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Title: Endemic species may have complex histories: within refugium phylogeography of an endangered Iberian vole
Authors: Barbosa, Soraia
Paupério, Joana
Herman, J.S.
Ferreira, C.M.
Pita, Ricardo
Vale, H.M.
Cabral, João
Garrido-Garcia, Antonio
Soriguer, Ramon
Beja, Pedro
Mira, António
Alves, Paulo Célio
Searle, Jeremy
Keywords: Conservation genetics
Glacial refugia
Microtus cabrerae
Multilocus phylogeography
noninvasive sampling
Issue Date: 2017
Publisher: John Wiley & Sons - Molecular Ecology
Citation: Barbosa, S.; Paupério, J.; Herman, J.S.; Ferreira, C.M.; Pita, R.; Vale-Gonçalves, H.M.; Cabral, J.A.; Garrido-García, J.A.; Soriguer, R.C.; Beja, P.; Mira, A.; Alves, P.C.; Searle, J.B. 2017. Endemic species may have complex histories: within-refugium phylogeography of an endangered Iberian vole. Molecular Ecology, 26:951-967
Abstract: Glacial refugia protected and promoted biodiversity during the Pleistocene, not only at a broader scale, but also for many endemics that contracted and expanded their ranges within refugial areas. Understanding the evolutionary history of refugial endemics is especially important in the case of endangered species to recognize the origins of their genetic structure and thus produce better informed conservation practices. The Iberian Peninsula is an important European glacial refugium, rich in endemics of conservation concern, including small mammals, such as the Cabrera vole (Microtus cabrerae). This near-threatened rodent is characterized by an unusual suite of genetic, life history and ecological traits, being restricted to isolated geographic nuclei in fast-disappearing Mediterranean subhumid herbaceous habitats. To reconstruct the evolutionary history of the Cabrera vole, we studied sequence variation at mitochondrial, autosomal and sex-linked loci, using invasive and noninvasive samples. Despite low overall mitochondrial and nuclear nucleotide diversities, we observed two main well-supported mitochondrial lineages, west and east. Phylogeographic modelling in the context of the Cabrera vole’s detailed fossil record supports a demographic scenario of isolation of two populations during the Last Glacial Maximum from a single focus in the southern part of the Iberian Peninsula. In addition, our data suggest subsequent divergence within the east, and secondary contact and introgression of the expanding western population, during the late Holocene. This work emphasizes that refugial endemics may have a phylogeographic history as rich as that of more widespread species, and conservation of such endemics includes the preservation of that genetic legacy.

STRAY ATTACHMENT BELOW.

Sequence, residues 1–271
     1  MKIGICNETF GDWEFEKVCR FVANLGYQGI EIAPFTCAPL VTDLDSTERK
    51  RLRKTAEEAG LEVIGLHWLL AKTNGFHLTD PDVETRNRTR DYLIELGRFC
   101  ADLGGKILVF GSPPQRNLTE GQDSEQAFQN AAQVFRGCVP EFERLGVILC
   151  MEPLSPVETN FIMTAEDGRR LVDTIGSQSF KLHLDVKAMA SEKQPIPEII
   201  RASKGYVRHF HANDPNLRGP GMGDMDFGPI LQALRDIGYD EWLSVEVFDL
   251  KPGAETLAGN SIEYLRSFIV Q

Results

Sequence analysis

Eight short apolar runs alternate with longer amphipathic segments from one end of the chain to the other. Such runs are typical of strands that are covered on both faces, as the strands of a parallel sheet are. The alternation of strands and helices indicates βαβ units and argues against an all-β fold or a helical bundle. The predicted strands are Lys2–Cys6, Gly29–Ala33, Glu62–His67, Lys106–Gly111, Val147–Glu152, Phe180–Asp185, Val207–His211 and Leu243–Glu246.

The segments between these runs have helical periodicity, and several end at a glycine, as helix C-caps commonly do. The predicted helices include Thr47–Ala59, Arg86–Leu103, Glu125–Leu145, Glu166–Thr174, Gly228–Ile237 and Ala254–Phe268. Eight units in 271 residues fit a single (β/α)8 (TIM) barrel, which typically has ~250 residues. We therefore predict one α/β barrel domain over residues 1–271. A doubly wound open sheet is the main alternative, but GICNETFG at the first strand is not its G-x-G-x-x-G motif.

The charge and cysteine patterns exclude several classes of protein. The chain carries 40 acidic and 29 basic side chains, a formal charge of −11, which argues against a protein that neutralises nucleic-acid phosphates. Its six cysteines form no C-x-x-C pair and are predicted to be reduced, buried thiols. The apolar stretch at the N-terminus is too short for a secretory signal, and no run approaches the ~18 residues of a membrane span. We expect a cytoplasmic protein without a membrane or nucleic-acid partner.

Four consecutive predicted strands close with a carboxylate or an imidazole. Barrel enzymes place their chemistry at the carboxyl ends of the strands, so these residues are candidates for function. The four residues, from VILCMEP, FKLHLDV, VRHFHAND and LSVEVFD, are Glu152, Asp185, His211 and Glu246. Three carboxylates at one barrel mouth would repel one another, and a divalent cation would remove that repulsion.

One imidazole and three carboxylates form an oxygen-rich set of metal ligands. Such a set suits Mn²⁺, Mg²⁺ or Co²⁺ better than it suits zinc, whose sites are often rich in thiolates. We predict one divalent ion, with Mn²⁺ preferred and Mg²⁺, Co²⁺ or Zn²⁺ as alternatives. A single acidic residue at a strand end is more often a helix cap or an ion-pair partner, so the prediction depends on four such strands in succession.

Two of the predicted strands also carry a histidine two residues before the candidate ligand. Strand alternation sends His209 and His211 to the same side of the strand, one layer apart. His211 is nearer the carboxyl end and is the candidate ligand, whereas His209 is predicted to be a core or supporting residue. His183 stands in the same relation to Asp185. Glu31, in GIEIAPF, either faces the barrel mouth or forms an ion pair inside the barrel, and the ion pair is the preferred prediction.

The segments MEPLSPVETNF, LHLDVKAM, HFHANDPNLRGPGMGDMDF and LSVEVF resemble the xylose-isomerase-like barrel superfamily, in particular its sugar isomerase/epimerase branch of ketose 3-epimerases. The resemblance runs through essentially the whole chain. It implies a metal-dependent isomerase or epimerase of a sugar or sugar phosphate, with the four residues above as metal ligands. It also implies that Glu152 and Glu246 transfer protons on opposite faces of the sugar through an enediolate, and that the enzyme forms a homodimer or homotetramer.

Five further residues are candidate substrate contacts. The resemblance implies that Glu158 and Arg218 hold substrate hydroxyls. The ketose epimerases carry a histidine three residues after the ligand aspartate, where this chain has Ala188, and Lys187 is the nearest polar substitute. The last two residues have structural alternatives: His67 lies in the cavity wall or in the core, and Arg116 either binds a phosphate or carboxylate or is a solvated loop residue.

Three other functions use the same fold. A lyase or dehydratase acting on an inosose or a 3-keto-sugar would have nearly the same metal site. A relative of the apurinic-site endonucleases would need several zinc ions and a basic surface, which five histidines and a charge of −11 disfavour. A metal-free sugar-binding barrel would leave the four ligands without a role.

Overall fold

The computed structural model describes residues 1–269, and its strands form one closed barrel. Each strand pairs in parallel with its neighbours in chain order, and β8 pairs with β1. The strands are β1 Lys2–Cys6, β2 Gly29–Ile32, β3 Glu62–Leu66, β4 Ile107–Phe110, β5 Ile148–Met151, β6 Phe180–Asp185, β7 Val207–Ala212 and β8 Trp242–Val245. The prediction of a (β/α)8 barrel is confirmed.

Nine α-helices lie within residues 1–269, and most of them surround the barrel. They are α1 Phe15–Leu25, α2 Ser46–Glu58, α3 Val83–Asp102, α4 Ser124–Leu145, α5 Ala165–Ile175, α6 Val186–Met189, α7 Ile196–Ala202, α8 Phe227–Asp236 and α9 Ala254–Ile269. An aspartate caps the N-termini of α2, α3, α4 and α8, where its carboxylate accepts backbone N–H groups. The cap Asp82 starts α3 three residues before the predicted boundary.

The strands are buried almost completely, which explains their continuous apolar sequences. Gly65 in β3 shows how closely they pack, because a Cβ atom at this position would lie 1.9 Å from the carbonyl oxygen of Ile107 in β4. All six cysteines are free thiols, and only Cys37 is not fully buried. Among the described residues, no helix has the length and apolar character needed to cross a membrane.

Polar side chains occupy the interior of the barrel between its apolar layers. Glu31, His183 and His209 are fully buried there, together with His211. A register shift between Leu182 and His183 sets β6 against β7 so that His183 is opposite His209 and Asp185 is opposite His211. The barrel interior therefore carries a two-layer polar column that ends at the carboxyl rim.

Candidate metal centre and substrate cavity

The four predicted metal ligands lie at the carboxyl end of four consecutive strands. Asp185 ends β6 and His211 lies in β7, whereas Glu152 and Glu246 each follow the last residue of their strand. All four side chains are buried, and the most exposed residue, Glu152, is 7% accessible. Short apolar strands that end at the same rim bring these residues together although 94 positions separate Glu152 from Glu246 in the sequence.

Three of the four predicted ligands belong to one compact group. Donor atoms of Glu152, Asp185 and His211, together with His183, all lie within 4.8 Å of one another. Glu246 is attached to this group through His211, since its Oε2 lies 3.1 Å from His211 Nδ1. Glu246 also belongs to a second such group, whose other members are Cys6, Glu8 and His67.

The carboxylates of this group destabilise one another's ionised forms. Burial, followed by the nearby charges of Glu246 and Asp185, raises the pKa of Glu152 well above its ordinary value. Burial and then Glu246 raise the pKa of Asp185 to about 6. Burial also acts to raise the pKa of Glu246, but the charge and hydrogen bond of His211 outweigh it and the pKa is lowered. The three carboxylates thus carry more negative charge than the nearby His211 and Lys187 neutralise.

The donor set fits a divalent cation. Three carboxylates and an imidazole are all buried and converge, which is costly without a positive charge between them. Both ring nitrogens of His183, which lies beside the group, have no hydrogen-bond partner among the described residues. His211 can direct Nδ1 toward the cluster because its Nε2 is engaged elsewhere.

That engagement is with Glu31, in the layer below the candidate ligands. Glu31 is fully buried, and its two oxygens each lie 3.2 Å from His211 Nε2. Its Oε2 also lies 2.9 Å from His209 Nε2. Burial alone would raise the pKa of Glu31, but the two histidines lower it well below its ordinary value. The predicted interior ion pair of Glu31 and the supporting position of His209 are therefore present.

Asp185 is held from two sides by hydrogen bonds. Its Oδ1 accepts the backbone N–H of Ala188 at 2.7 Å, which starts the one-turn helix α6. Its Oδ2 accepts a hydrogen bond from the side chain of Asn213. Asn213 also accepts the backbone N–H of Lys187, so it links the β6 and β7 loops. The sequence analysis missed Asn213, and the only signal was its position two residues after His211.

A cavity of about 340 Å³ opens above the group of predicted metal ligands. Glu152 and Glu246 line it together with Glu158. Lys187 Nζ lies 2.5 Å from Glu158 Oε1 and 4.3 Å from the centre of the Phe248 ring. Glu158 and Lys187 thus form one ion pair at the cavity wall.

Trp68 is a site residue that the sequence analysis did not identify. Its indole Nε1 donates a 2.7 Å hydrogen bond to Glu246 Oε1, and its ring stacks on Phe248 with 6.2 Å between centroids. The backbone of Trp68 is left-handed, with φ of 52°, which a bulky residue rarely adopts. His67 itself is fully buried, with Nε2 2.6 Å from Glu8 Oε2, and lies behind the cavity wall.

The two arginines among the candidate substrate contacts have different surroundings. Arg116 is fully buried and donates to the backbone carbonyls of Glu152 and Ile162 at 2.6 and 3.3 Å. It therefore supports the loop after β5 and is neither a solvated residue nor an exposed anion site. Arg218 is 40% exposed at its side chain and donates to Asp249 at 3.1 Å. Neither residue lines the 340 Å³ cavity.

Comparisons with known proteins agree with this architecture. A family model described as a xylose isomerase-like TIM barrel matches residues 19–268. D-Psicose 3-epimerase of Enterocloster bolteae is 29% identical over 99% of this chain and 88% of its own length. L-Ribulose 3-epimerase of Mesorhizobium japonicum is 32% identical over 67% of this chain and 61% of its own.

Type: article
Appears in Collections:MED - Publicações - Artigos em Revistas Internacionais Com Arbitragem Científica
CIBIO-UE - Publicações - Artigos em Revistas Internacionais Com Arbitragem Científica
BIO - Publicações - Artigos em Revistas Internacionais Com Arbitragem Científica

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